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Becoming a Great Step-Dad

Becoming a Great Step-Dad
Helping Hand

    The biggest change I made this year, and maybe in my life, is becoming a step-dad. Moving in with my partner meant making a commitment to her three children, a commitment that turned out to mean a heck of a lot more after I made it than I had thought it would.

    Becoming a step-dad is akin to becoming a father, but there are a few important differences that I’ve learned matter a lot. For one thing, it happens pretty quickly — one minute you’re single, the next minute you are surrounded by children in varying stages of development. There’s no slowly growing into your role or nine months of anticipation.

    Here’s a few of the other things I’ve learned over the last half-year. Of course, this is by no means a complete list — anyone with children knows that the second you think you’ve got things down, everything changes. But I do have a great relationship with my step-children, something I really hadn’t expected. I’m not sure I’m a great step-father just yet, but I do think I’m becoming one.

    Your love has no bounds, but your authority does.

    Recognize early on the limits of your authority. Even now, most of my authority in our house is borrowed from their mother — I’ve actually caught myself on the verge of saying “just wait until your mother comes home”! I simply don’t pull much weight; instead, I have learned to be reasonable, to remind them of chores instead of demanding they get to work, and as much as possible to show them that what I have to say is sensible.

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    Don’t be Dad.

    One of the big things that separates step-fatherhood from fatherhood is that your step-children (in most cases) already have fathers. Fathers that, chances are, they love very much. Fathers whose authority is much better established than yours. Whatever you do, don’t try to step into his place!

    This means, first and foremost, don’t ask them to call you “Dad”. My step-kids’ step-mother tried to insist they call her “Mom”; it’s been several years, and there’s still a lot of resentment there. It may well happen that the kids slip up and call you “Dad” and that’s a great feeling, but don’t be selfish and demand it.

    Likewise, don’t be too quick to dole out punishments. Remember, you don’t have a lot of authority; putting yourself in the role of Enforcer isn’t going to help. Instead, they’ll just learn to fear you. Give advice, offer firm warnings, and when things get out of hand, sit down with mom and present a unified front.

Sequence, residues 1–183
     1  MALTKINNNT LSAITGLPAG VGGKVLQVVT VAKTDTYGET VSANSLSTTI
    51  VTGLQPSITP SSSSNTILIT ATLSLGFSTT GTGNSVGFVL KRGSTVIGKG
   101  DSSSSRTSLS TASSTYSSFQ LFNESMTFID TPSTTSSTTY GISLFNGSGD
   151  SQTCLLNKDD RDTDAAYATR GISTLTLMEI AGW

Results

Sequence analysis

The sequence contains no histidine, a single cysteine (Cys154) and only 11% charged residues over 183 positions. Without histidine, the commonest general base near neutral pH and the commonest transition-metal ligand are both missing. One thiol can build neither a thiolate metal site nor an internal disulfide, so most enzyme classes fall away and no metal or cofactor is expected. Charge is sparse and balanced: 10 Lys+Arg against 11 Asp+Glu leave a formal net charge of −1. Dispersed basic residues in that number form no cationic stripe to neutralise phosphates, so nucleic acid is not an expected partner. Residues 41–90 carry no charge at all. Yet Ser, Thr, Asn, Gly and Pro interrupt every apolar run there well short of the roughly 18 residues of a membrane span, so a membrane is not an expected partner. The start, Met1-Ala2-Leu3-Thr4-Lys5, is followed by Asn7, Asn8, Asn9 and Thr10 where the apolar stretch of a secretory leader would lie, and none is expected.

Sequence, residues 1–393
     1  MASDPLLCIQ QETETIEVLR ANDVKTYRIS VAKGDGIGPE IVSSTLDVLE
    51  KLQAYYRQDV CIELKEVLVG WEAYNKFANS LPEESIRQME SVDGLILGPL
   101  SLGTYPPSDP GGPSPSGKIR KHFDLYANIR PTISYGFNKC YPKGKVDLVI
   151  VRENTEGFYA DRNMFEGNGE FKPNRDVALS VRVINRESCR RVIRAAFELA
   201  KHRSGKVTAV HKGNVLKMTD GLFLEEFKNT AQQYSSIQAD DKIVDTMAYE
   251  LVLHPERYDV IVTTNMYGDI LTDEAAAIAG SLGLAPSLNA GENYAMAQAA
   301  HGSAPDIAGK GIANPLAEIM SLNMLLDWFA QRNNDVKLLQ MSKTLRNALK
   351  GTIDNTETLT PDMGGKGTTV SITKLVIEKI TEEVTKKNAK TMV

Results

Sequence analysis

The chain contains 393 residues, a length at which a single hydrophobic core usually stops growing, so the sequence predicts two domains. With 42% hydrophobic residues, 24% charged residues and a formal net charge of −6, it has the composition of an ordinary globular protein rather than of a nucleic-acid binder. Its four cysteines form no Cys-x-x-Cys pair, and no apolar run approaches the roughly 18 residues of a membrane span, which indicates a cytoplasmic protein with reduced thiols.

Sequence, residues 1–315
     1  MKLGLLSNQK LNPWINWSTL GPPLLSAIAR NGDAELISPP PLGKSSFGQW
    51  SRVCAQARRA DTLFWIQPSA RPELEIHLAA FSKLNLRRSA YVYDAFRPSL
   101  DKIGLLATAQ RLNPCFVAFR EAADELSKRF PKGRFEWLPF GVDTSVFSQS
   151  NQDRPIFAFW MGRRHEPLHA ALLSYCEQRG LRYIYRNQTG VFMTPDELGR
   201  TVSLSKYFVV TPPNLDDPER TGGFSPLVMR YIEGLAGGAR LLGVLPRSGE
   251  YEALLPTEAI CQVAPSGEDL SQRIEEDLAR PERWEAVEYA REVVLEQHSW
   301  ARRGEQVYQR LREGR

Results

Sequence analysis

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    Finally, don’t ever badmouth their dad, no matter how much of a jerk he is. Usually they’ll side with dad, which leaves you screwed; but even if they don’t, you have no right to interfere in that relationship.

    Be a Dad.

    While insisting on being called “Dad” is a bad idea, that doesn’t excuse you from actually being a dad. Act responsibly, be there for the kids when they need you, share their joys and sorrows with them, build them up as much as you can, help them with their homework, offer advice, explain how things work, organize their day, and so on — all the things you’d do if you were their actual father. And do that knowing that you probably won’t get much attention or appreciation for it, because it’s the right thing to do.

    Have one-on-one time.

    One of the biggest steps I’ve taken in my relationship with my step-daughter was taking her with me on Take Your Child to Work Day. Mom works in a high-security area (for some reason, the kids haven’t gone through the FBI’s screening yet…), dad’s company forbids children on site, so I volunteered to take her to class with me. We had a great time getting to know each other outside of the hubbub of a house full of family, pets, and friends.

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    It’s easy to use mom as a shield to avoid getting to close to your step-children; take some time alone with your step-children to interact with them as individuals instead of as “family”.

    Don’t talk down to them.